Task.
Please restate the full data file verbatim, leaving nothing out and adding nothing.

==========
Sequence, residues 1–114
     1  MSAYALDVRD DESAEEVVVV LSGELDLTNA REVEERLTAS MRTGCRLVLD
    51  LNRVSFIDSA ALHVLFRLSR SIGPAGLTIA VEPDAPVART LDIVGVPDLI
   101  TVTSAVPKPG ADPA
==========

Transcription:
Sequence, residues 1–114
     1  MSAYALDVRD DESAEEVVVV LSGELDLTNA REVEERLTAS MRTGCRLVLD
    51  LNRVSFIDSA ALHVLFRLSR SIGPAGLTIA VEPDAPVART LDIVGVPDLI
   101  TVTSAVPKPG ADPA